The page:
Alexis, a few other girls, and I took a service trip to nearby schools for the deaf and an orphanage that housed children who suffered physical and mental handicaps. I exercised my artistic skills and drew pictures of Mickey Mouse and caricatures of Alexis for the little girls who loved the humor and signed their appreciation to each other and to us. A short night of market shopping, incredible bargains, and leisurely walking concluded with intense packing for a trip that would mark my memory forever.
I awoke at 4:30am, hitched a ride with four other random kids, waited in six different lines for airline tickets, and flew off to Hanoi by my lonesome. I couldn't help but hear the sounds of my parents' voices echoing in my ear, "Please promise me you will NEVER travel alone." I felt incredibly torn between keeping my family at ease and following my own path that I would surely regret forever not taking. The answer was obvious.
Upon arrival in Hanoi, aimless wandering got me to the city bus station, where about ten motorbike drivers helped me get onto the right route. I gave the astounded bus fare collector a dollar bill, hoping he wouldn't kick me off from lack of Dong. Instead, he charged me more, kept the dollar for himself, and I remained on the bus next to a woman squatting and hurling on the floor. Pleasant.
The next bus ride made history in my own timeline, a roller coaster literally and mentally. A man approached me off the city bus and shouted "HA LONG BAY?" about three inches from my face. It seemed he knew what he was doing, so I followed him to a ticket office, paid three dollars, and climbed onto a mini bus where I was forced to sit in the back. The song "Rosa Parks" stuck in my head for the remainder of the trip.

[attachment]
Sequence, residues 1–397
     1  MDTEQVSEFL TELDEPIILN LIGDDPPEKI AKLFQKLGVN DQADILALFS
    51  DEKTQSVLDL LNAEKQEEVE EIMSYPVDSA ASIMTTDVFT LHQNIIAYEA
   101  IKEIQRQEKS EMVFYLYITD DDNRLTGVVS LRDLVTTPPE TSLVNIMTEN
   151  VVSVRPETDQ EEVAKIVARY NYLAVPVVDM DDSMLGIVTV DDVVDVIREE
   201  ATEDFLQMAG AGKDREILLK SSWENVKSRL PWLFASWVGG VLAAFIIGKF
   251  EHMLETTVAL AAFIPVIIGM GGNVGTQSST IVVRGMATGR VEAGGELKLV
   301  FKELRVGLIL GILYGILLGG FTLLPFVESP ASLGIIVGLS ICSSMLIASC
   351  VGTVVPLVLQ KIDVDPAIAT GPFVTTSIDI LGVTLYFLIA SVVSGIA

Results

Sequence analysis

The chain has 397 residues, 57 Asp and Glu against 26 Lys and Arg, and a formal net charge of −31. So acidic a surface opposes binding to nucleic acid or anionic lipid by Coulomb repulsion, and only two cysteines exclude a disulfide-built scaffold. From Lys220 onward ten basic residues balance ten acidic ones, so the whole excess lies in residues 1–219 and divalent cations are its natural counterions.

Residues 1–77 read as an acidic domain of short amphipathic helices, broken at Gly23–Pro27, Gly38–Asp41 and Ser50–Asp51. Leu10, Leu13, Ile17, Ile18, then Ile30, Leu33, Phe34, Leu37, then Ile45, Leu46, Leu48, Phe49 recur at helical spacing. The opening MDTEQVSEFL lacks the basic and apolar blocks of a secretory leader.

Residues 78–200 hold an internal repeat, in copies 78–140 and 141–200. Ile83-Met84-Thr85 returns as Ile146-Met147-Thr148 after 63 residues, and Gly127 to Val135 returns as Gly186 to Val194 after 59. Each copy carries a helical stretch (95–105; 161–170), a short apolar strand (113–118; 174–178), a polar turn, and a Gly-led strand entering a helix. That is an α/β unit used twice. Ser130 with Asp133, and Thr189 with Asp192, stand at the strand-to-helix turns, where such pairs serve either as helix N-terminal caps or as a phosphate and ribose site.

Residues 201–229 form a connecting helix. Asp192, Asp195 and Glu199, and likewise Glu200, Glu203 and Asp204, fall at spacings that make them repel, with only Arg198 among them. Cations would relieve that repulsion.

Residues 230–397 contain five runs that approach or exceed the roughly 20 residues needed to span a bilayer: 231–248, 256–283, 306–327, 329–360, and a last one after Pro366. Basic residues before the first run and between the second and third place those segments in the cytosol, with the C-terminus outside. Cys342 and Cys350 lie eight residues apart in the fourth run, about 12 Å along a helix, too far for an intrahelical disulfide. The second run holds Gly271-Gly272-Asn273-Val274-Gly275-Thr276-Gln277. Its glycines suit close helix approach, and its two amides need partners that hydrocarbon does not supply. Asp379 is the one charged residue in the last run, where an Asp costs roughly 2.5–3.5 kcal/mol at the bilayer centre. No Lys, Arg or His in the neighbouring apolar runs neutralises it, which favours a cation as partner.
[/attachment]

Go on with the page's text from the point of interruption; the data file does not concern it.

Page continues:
Once I was an official passenger, the driver pulled out of the station, as though all he needed was one real ticket holder to validate his transportation services. About three minutes later, ten of the driver's "boys" piled onto the bus in a frenzy, and I thought I was surely done for. I masked my all-consuming worry by listening to my iPod, but that only spurred on the interest of multiple guys to come check out my electronics.
Just before I let myself get comfortable in my seat, a man rolled next to the bus with the oldest rickshaw known to Vietnam, and on this rickshaw sat a large metal apparatus that I can only imagine was a land mine (or rather, an engine). And as was expected, on this magical mystery tour to Ha Long Bay, the men grabbed the explosive/mechanical device and hauled it onto the bus. I laughed, thinking this trip couldn't get any more eventful…keep in mind we had yet to even leave the sidewalk outside the station.
I flew from one side of the bus to the other as the driver weaved through cars and traffic, laying on his horn to notify the city he was passing. One man always kept his head out the door and yelled at people on the side of the road, some of whom waved us down and hopped on for a few miles. At one point, I had four old men watching Family Guy on my video iPod and wanting to exchange their cell phones for my hi-tech contraption.
What do you think of my first solo journey thus far? Continue reading The Terror of the Tung, and/or comment below!